Continual digital transformation is the new normal – whether this is to stay ahead of the competition, manage dynamic regulatory and statutory demands or improve cost management.  Data transformation underpins most change and the volume of data that needs to be consumed is ever increasing.  But there are significant barriers to success in data management, including organisational silos, variable data quality, the lack of technical capability to make the most of the data or unsupportive organisational processes and culture.  Technology, data and culture are closely linked and most organisations struggle to co-ordinate the relationship between these variables.  This challenge demands high quality data as well as a superlative understanding of data.

Common data challenges

On the process side, obstacles include on-boarding new, rapidly changing and large data sets, technically ingesting extremely high volumes of data, establishing workflows which validate data sources, searching and tagging all new data sources effectively and ensuring robust internal authorisation and verification processes.  For this last set of processes, particular care needs to be given to cost control, security, auditability and permissions – who can access which parts of the system.

However, on the people side, getting the most value from data scientists and analysts is the biggest concern. Data scientists and analysts can lose significant amounts of their time, up to 90% in some cases, dealing with data operational issues, such as finding, cleaning and validating data, rather than modelling it. This impacts on organisational decision making and also the management of risks. Getting it wrong can be very damaging, especially in listed businesses subject to high regulatory and external scrutiny or government organisations where decisions can have significant social impact.

In addition, organisations can struggle with their ability to find all their data for a specific activity due to an ever growing range of data sources. Data often exists in disparate systems of varying levels of sophistication and in different departments, or even organisations, particularly within large global companies or the public sector.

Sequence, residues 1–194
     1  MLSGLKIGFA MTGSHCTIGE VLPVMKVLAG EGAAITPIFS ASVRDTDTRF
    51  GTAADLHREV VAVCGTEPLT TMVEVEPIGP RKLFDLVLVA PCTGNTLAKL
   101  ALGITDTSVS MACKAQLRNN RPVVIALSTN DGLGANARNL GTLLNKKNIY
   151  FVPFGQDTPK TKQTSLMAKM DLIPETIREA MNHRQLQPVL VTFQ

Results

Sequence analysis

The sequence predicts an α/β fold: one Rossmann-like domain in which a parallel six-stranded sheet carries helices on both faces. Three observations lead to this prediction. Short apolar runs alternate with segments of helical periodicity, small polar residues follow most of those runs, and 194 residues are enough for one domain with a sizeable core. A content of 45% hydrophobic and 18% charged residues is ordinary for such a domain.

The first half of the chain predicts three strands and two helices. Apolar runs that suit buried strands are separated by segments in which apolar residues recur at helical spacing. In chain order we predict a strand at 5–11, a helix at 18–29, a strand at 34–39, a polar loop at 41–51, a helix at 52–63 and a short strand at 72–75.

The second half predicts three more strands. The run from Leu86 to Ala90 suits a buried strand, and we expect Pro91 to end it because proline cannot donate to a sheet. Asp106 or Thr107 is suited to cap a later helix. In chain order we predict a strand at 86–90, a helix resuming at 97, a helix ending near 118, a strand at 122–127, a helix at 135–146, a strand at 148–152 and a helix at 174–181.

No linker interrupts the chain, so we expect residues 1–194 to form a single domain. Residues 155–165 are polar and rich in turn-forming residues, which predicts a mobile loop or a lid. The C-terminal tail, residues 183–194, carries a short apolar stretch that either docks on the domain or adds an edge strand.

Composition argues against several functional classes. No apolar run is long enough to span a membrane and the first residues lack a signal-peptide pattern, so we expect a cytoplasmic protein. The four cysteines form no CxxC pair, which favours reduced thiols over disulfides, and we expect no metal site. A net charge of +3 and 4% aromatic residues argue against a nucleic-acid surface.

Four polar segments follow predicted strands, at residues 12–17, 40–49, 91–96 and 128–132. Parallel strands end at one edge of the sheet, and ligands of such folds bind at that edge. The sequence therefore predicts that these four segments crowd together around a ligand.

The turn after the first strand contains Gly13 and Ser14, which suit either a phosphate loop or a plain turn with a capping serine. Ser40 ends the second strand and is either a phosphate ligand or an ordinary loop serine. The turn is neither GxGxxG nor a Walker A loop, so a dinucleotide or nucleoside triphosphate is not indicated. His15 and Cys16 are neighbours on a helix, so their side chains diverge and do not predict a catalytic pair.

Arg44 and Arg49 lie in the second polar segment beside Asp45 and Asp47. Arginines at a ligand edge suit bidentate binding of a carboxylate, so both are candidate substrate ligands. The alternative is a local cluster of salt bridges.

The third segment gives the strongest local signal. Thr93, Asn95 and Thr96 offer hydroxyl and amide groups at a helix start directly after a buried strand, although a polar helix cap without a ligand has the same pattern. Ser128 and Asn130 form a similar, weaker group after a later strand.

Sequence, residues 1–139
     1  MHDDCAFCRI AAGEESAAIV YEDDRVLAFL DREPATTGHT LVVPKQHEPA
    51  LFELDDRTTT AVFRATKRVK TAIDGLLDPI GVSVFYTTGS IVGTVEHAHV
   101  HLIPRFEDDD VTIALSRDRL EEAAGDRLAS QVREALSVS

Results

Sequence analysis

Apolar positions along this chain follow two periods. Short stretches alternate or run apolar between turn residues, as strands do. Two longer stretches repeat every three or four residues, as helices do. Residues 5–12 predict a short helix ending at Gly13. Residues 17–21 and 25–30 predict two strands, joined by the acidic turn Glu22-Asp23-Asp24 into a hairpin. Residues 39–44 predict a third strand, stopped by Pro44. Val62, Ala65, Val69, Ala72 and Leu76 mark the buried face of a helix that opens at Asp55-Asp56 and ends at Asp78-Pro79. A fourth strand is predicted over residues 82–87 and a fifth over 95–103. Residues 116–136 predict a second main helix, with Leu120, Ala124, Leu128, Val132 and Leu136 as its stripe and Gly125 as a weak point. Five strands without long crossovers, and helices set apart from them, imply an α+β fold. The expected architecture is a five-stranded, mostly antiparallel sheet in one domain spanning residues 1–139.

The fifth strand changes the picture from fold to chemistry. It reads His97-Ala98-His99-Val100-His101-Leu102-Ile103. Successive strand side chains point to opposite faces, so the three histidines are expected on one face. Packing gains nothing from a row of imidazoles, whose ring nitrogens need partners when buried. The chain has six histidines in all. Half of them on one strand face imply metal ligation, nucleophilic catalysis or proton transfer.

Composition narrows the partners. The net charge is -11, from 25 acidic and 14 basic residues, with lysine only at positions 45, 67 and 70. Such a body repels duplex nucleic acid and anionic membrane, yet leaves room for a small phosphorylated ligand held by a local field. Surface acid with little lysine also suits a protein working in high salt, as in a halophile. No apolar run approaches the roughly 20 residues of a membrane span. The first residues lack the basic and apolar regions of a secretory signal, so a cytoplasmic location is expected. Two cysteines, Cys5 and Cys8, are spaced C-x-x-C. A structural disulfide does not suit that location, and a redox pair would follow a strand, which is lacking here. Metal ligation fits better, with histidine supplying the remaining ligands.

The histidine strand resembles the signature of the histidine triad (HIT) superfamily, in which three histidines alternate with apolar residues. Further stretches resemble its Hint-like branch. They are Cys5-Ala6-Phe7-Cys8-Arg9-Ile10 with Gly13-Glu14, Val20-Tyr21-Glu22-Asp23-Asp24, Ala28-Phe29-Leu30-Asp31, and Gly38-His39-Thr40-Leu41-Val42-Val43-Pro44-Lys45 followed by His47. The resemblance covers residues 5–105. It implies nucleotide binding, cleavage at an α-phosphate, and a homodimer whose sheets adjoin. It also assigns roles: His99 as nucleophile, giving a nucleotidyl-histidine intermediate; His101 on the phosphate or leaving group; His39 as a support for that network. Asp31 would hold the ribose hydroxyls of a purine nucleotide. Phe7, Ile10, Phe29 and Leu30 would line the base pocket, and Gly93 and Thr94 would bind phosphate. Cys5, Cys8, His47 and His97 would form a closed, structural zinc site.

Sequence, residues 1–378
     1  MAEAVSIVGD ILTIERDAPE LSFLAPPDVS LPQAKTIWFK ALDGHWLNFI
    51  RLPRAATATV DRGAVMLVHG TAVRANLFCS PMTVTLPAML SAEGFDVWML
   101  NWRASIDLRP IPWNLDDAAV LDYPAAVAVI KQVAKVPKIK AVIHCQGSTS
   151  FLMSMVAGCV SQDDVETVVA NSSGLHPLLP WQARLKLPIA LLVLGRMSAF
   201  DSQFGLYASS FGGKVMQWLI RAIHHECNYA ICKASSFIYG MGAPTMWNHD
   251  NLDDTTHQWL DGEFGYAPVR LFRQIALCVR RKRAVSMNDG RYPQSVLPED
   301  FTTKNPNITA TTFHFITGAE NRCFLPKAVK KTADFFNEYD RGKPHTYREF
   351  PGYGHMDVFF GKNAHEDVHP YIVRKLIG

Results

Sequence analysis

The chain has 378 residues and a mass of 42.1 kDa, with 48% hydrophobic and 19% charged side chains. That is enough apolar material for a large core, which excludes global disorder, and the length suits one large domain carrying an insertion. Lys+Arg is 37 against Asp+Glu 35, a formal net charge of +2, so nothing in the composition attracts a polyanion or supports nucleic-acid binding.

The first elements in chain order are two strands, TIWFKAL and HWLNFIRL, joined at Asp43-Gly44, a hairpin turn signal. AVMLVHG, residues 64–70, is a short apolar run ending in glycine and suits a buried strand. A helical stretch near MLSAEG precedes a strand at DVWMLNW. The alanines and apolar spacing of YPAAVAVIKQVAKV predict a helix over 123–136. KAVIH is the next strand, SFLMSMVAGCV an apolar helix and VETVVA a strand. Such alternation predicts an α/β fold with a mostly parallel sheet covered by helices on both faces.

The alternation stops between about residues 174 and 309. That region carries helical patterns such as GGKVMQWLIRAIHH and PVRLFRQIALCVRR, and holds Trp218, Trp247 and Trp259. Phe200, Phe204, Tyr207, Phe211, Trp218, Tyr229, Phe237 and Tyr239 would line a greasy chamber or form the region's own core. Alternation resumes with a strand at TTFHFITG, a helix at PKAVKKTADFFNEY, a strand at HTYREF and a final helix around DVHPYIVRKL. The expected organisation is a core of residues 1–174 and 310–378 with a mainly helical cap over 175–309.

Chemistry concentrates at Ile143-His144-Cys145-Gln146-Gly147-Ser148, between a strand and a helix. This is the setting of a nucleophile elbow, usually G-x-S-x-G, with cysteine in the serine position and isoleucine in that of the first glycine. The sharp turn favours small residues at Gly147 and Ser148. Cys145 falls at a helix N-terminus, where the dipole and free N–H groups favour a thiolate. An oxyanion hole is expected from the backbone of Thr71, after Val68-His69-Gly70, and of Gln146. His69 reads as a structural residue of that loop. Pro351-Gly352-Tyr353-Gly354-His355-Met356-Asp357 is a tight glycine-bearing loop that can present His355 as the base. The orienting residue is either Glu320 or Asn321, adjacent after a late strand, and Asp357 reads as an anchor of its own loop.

So how do you better organise your data? 

The data maturity of an organisation can progress from “no data” to “big data” remarkably quickly.  Existing processes need to be upgraded equally rapidly, which is especially difficult with old or manual systems where there is heavy reliance on spreadsheets.  Most organisations are way off the Amazon’s of this world – they don’t embed data throughout their business processes and are not in a place to base all strategic decisions on data.

What kind of system do you need?

An effective data management system serves as a repository of validated data sources, including both structured and unstructured data and can accommodate time series and non-time series data. It solves the main organisational data challenges to improve visibility, so you know where all your data is; validation, to ensure data accuracy; collaboration, so you’re sharing data and not working in silos; and traceability and auditability, so you know who used what data and for what purpose. Finally, it enhances control, so you can manage data use and costs, which is important as data can be expensive! The ultimate goal should be better decision making to reduce cost and improve performance. Successful data management means you have a single view of the truth, across the totality of data sources or source systems in your organisation, which is crucial to better decision making.  It ensures you can be confident that you are basing your decisions on high quality data sources.

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